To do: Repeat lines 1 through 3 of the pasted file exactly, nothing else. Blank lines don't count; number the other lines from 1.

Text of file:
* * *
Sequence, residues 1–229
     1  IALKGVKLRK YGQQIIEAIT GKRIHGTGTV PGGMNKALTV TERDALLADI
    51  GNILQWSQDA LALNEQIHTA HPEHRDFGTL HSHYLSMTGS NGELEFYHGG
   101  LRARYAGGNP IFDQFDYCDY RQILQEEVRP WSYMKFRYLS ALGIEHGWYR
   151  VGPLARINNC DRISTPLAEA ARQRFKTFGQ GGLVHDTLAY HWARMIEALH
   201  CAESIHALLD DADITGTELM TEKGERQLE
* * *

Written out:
Sequence, residues 1–229
     1  IALKGVKLRK YGQQIIEAIT GKRIHGTGTV PGGMNKALTV TERDALLADI
    51  GNILQWSQDA LALNEQIHTA HPEHRDFGTL HSHYLSMTGS NGELEFYHGG